If you have the data, but don’t have the tools or workforce to annotate the data internally, you can offload all of your annotation tasks by partnering with a data annotation company. These companies can provide the raw data itself, a platform for labeling the data and a trained workforce to label the data for you.

Companies like TELUS International already have platforms built to collect and annotate data, as well as a large, trained workforce that can annotate hundreds of thousands of data points at scale. The main advantage of partnering with a data annotation company is that you don’t have to deal with building a data annotation infrastructure from scratch. All you have to do is build specific guidelines and QA protocols for the company to follow.

The essential guide to AI training data

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Best practices for data annotation

It’s imperative that companies measure the quality of their data annotations. This is a twofold process that involves measuring the annotations against a set of ideal annotations to determine their accuracy. Secondly, it’s crucial to measure the consistency of annotations to ensure that the assembled team of annotators label in the same way.

Other best practices for labeling worth noting are:

  1. Creating a gold standard
  2. Using a small set of labels
  3. Performing ongoing statistical analysis
  4. Asking multiple annotators to label the same data point (multipass)
  5. Reviewing each annotator
  6. Hiring a diverse team
  7. Iterating continuously

Evaluating quality of training datasets

Three important parameters that indicate the quality of training data are:

  1. Data diversity: Diverse training datasets minimize biases in model predictions and outcomes. For instance, if a model is trained to predict cats, using images of only domestic cats will limit the model’s prediction capabilities. To get better outcomes it is advisable to include a wide variety of cat images, including different attributes like sitting cats, running cats, standing cats, sleeping cats, etc.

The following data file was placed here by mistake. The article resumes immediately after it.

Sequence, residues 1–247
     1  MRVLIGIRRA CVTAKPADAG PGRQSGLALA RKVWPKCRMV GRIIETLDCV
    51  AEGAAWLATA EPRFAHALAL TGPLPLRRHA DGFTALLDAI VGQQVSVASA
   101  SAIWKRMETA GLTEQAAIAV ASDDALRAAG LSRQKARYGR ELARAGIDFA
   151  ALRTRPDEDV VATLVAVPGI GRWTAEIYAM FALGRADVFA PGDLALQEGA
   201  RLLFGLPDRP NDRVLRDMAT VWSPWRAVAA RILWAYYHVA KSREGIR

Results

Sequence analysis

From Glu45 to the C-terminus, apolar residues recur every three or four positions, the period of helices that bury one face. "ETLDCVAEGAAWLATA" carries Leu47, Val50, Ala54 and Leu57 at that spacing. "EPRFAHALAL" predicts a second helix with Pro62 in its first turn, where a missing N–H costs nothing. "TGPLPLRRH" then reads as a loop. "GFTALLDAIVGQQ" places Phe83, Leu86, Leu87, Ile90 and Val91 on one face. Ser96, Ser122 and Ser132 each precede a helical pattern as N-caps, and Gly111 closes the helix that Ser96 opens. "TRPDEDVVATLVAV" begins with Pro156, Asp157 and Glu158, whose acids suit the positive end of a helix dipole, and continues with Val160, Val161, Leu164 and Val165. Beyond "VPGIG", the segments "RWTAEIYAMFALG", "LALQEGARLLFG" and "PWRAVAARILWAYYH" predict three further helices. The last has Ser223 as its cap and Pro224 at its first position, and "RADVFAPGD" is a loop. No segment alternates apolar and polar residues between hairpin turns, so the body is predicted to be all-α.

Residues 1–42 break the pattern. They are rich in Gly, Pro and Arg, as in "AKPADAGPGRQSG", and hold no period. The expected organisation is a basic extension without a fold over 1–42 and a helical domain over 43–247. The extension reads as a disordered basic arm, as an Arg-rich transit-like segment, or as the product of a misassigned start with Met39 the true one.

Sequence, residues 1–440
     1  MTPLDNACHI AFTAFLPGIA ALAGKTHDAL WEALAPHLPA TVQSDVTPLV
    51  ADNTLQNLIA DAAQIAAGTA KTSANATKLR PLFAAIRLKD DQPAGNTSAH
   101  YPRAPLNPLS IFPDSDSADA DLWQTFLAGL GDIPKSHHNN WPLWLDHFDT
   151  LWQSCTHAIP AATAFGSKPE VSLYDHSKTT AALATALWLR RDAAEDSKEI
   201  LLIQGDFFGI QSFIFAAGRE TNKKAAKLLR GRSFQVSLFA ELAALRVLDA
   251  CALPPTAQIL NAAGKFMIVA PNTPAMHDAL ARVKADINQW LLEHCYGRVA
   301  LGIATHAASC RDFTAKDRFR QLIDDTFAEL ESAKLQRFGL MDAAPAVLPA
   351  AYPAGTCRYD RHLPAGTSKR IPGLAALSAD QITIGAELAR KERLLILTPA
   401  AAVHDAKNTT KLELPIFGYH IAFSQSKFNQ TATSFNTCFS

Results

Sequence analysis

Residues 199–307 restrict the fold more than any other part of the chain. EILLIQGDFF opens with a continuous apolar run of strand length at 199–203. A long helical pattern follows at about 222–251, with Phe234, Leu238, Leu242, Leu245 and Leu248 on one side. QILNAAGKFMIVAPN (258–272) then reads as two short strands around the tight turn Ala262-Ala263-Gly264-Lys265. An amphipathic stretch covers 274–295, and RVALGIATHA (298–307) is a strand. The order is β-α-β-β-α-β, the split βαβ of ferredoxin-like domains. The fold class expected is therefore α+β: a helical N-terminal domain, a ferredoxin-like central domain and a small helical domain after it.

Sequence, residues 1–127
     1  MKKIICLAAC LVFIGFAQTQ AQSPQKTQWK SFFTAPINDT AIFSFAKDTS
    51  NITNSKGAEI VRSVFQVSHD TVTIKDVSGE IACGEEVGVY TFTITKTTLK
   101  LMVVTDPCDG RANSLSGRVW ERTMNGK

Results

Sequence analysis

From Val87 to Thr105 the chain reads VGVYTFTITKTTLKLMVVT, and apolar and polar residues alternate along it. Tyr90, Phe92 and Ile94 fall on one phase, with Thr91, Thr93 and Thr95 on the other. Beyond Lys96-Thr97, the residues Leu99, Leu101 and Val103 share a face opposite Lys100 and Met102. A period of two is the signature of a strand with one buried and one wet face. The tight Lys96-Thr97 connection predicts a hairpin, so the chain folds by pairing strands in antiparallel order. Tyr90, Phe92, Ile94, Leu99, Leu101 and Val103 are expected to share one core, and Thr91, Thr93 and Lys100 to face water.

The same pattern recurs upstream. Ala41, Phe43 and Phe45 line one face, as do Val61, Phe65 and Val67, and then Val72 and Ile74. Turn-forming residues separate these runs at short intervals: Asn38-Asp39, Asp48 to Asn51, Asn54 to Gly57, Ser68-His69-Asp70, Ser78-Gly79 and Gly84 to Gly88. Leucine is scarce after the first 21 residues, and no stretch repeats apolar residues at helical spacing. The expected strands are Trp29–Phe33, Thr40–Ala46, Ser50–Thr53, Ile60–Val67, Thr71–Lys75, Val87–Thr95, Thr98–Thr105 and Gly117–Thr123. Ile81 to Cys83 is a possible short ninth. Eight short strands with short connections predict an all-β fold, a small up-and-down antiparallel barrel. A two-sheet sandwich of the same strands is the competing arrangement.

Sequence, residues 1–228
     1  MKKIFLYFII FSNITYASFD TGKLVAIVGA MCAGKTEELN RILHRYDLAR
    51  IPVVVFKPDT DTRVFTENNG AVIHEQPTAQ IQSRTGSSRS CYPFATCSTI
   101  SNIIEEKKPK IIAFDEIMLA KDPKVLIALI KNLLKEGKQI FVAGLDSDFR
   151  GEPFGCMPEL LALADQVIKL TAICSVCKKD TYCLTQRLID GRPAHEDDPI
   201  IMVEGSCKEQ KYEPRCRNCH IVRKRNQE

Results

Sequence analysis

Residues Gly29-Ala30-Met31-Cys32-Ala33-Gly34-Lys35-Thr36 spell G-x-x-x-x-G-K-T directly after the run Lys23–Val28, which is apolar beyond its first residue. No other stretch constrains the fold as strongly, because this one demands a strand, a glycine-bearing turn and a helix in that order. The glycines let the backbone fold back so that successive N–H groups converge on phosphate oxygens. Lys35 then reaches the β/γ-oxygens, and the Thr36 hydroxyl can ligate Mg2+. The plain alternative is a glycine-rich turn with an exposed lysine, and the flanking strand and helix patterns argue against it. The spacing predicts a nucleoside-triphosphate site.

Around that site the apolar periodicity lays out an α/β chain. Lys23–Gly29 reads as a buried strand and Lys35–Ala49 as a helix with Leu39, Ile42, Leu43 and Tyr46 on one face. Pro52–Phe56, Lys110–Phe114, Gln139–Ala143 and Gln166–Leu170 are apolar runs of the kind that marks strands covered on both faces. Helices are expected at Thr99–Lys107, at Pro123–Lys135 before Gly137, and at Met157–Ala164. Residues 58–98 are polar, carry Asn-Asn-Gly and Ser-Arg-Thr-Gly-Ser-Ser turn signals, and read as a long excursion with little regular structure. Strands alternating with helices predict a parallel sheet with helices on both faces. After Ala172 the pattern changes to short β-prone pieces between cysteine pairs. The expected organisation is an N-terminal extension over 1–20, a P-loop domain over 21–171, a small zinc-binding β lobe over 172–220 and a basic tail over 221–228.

2. Data adequacy and imbalance: It is imperative you use adequate datasets to train models and consider a number of variable factors that might affect the model’s outcomes to ensure that datasets aren’t imbalanced.
  3. Data reliability: Reliability refers to the degree to which you can trust your data. You can measure reliability by determining the following factors:
    • Tangibility of human errors: If the dataset is labeled by humans, there are bound to be some errors. How frequent are those errors and how can you correct them?
    • Noisy data features: Some amount of noise is okay. But data that has too many noisy features may affect the outcome of your models.
    • Duplicate data: For example, the same data records may be duplicated because of a server error, or if you face a storage crash or a cyberattack. Evaluate how these events may impact your data and have contingency plans in place.
    • Label accuracies: Wrong data labels and attributes account for huge gaps in model performances. It is important to maintain high precision and recall rates for labeled data.

The TELUS International approach

TELUS International offers secure and robust data creation and data annotation services to train ML models and support various AI applications. We rely on an analytics-based approach to identify and minimize error rates in training data by running the data through multiple expert human-loops until it reaches sufficient accuracy to ensure our client’s access to the highest quality data. Additionally, our world-class UX designers are constantly working to improve the annotators’ experience and productivity to make the overall process more efficient.

Reach out to learn how we can help with your next computer vision project.